Older Scout Retention

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Older Scout Retention

Postby scoutersteve » Wed Dec 31, 2014 2:16 pm

I'm working on an Older Scout Retention Framework (It's a Wood Badge ticket) that can be used by any Boy Scout, Venturing or Varsity unit to help keep older Scouts engaged and active. I'm wondering what suggestions you have to keep older Scouts from leaving the unit.

There are many reasons older boys (and girls) leave. Please take the time to list a couple of the more common ones you have heard and what you did, attempted to do or wish you had done to try and keep them engaged.

Steve
Troop 100 Garland, TX
Wood Badge 107
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Re: Older Scout Retention

Postby Bill Pitcher » Wed Dec 31, 2014 2:33 pm

Try older scout only adventures. We have taken them ice climbing in the Hudson Valley's Catskill Mtns. of NY, white water rafting, the car races at Watkins Glen, hiking on parts of the Appalachian Trail and leadership corps only canoe trip in the Adirondack Mtns. near Lake Placid. We also do a Historical Trail hike every year for the troop, but the older boys select the location and of course plan it! Hope this helps.
Eagle '63, ASM, Council Advancement Comm.(Eagle advisor),OA VIGIL member,NESA, council training staff,
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Re: Older Scout Retention

Postby jr56 » Tue Jan 27, 2015 4:27 pm

Try forming a Venture Crew. The older boys in the troop can belong to both units, girls can also belong (sisters of older scouts in the troop usually jump at the chance). There are lots of programs that Venturing opens up that are not available to boy scout troop members.
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Re: Older Scout Retention

Postby BartHumphries » Fri Mar 20, 2015 8:06 pm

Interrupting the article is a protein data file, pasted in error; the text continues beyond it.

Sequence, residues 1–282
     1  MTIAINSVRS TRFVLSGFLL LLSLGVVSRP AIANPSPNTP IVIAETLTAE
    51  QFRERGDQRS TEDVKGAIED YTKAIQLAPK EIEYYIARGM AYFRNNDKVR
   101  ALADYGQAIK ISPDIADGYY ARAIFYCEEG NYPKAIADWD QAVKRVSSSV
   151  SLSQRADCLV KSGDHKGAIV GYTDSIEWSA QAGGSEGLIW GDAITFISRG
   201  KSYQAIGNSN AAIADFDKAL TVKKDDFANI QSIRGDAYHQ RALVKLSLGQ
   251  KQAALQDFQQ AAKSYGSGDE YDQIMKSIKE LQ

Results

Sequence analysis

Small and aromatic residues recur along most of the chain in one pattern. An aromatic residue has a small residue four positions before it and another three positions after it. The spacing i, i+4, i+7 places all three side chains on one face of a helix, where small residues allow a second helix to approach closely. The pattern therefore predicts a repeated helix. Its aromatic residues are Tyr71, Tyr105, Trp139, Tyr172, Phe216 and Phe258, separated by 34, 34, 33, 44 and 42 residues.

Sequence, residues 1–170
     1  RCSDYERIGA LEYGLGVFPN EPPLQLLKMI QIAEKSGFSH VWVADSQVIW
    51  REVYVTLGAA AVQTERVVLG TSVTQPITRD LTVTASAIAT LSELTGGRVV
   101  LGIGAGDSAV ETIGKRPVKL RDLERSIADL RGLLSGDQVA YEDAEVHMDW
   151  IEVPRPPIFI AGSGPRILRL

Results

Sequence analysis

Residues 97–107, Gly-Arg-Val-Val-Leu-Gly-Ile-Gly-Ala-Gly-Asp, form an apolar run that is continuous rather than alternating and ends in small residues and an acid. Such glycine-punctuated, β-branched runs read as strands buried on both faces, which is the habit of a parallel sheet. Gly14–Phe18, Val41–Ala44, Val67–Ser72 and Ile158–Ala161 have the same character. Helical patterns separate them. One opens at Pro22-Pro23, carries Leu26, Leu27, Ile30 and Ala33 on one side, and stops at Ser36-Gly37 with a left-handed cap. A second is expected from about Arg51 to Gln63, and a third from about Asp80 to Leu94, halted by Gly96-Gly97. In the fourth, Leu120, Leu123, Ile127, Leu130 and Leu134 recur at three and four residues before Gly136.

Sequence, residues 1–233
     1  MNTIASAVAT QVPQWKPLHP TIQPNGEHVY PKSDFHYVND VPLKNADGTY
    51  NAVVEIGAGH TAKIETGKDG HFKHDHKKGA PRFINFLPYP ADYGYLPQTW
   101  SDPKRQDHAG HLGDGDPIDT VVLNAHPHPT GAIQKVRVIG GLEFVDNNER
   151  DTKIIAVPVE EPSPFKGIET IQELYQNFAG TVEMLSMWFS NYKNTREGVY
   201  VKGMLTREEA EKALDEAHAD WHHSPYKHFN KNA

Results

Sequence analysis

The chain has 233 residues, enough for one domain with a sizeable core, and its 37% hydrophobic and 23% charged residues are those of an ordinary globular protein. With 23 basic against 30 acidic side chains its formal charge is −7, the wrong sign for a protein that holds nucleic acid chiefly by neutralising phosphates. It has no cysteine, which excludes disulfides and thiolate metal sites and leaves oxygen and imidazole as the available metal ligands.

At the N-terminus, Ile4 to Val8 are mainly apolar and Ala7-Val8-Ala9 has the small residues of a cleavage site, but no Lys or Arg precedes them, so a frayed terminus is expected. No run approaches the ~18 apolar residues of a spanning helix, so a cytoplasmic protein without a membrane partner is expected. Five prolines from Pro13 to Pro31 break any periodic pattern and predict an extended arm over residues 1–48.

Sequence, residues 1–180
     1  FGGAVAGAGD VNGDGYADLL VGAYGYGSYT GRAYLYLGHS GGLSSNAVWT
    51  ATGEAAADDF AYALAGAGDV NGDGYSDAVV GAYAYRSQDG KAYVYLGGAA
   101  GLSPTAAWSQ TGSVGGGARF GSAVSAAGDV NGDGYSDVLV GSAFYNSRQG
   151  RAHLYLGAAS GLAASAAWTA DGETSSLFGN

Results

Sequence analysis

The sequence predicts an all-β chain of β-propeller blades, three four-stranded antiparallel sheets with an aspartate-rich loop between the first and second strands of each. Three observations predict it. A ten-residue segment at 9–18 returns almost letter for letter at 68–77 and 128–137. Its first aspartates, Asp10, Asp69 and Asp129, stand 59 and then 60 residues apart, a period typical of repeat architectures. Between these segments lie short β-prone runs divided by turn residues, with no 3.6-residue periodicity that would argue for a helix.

People will generally go towards whatever activity best satisfies their personal needs/desires. For kids between 13/14 and 17/18, there's a lot of stuff competing for their time and attention. Personal relationships, school (regular and "additional" activities like sports or more classes), work, family, just plain goofing off, there's a lot of stuff going on.

Give kids the ability to plan out their own fun activities (as they define it) and they'll choose Scouting. That doesn't mean toss them a notepad and tell them to plan everything. Sometimes they need help, sometimes they need training. Think of how planning meetings can be improved and go from there. Most of a planning meeting can likely be done via various forms of social media. Sitting around a table while one person talks and occasionally a few people brainstorm while most people remain silent? That's a recipe for boredom and disconnection. Chat about activities via Facebook messenger, texts, Google Drive for documents, that'll get people's attention. Then how to plan an activity? What do they need? Maybe some leading questions need to be asked like, "What are you going to eat?" if they've never planned something like that out, then perhaps they need some sample menus to choose from. Perhaps they need to be pointed at additional resources.
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Re: Older Scout Retention

Postby Fred Johnson » Tue Jul 07, 2015 7:51 pm

This is an extremely relevant topic for us. We started helping the scouts have one together unstructured evening a month. It has been a huge success. Movies. Games. Laptops. As long as they are polite and friendly to all.

Success is simply defined as keeping their bonds of friendship strong. Those strong friendships keep the troop strong.
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